Flu activity is now widespread across much of the country, and hitting hard in the Ohio Valley. The strain going around this year seems to be particularly vicious and not included in the flu shot.
If it hasn’t already made its way through your staff, it probably will soon. Team members will be out sick or caring for sick family members. While having a team member out can be a challenge in terms of workload and project deadlines for the rest of the team, can it also pose a security risk?
Without proper planning and redundancies, yes. Being short staffed can lead to weaknesses in processes as overburdened staff members scramble to fill in gaps, especially if they are unfamiliar with systems or don’t have access to systems.
Here are some ideas for reducing the risk:
– Prevent the spread of the flu. The strongest weapon to combat the flu is simple hygiene. Make sure bathrooms are well stocked with handwashing supplies and cleaned and disinfected regularly. Post reminders in bathrooms and breakrooms about handwashing. Cleaning crews should also regularly wipe down light switch plates, door handles, counter tops, phones and any other surfaces that are touched frequently.
– Give clear guidance that those who are experiencing symptoms – fever, body aches, vomiting, diarrhea – should stay home. Support that by giving adequate sick days or allowing work to be made up later. Keeping sick workers out of the office is key to keeping the rest of the staff well.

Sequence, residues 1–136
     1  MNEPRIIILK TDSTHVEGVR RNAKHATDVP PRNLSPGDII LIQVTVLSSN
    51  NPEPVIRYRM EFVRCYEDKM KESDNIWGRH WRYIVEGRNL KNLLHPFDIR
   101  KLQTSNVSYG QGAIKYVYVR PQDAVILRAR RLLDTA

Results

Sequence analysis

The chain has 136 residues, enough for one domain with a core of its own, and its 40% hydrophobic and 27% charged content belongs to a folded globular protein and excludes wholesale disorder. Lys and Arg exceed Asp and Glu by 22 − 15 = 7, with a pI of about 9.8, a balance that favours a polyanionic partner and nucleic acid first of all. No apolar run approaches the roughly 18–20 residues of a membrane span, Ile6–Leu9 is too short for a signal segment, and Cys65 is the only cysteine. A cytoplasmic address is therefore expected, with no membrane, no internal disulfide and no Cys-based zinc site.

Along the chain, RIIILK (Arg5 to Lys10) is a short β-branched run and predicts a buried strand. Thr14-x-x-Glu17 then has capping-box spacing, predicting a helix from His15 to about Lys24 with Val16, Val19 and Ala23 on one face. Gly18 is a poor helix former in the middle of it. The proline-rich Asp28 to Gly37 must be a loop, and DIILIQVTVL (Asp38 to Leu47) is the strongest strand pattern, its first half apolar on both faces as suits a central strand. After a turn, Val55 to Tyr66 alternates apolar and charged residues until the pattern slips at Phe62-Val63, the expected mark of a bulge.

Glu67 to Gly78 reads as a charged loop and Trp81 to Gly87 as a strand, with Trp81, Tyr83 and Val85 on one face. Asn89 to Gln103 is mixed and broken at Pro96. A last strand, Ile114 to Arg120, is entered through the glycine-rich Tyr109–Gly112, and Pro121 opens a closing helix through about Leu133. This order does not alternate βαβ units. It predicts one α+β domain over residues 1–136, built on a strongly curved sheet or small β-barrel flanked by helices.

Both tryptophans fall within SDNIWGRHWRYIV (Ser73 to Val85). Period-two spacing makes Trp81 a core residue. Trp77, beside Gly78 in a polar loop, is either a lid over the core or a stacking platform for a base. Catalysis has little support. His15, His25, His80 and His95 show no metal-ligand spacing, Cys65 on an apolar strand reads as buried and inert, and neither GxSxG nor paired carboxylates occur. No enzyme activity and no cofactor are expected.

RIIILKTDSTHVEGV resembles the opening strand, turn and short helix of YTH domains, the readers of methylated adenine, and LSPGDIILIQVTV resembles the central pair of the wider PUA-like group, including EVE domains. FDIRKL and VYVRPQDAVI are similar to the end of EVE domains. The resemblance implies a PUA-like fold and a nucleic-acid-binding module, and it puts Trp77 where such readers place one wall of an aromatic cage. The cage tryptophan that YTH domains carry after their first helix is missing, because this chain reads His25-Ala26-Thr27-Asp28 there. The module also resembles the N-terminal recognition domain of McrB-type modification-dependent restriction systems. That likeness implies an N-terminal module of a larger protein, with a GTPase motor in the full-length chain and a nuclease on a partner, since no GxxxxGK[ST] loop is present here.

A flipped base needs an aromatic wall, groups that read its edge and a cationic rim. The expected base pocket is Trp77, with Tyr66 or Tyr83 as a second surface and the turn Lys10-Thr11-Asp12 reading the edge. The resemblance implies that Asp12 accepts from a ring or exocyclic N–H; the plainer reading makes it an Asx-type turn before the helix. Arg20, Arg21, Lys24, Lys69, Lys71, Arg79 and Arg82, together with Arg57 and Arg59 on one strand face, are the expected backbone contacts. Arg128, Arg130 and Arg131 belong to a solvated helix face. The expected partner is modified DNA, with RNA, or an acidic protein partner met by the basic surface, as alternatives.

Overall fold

– Cross train and document key roles. Make sure roles and basic duties are documented, and buddy up team members to cross train one another. Use regular staff meetings to give updates on key projects and issues so everyone has some familiarity with what other team members are doing, and can step in at a moment’s notice. Make it a practice to run emergency drills and review policies and procedures regularly, so staff members are always prepared.
– Where possible, allow work from home. If flu starts making its way through your staff, it might be best to allow team members to work from home to reduce their chances of being exposed. Consider flexible work policies when possible.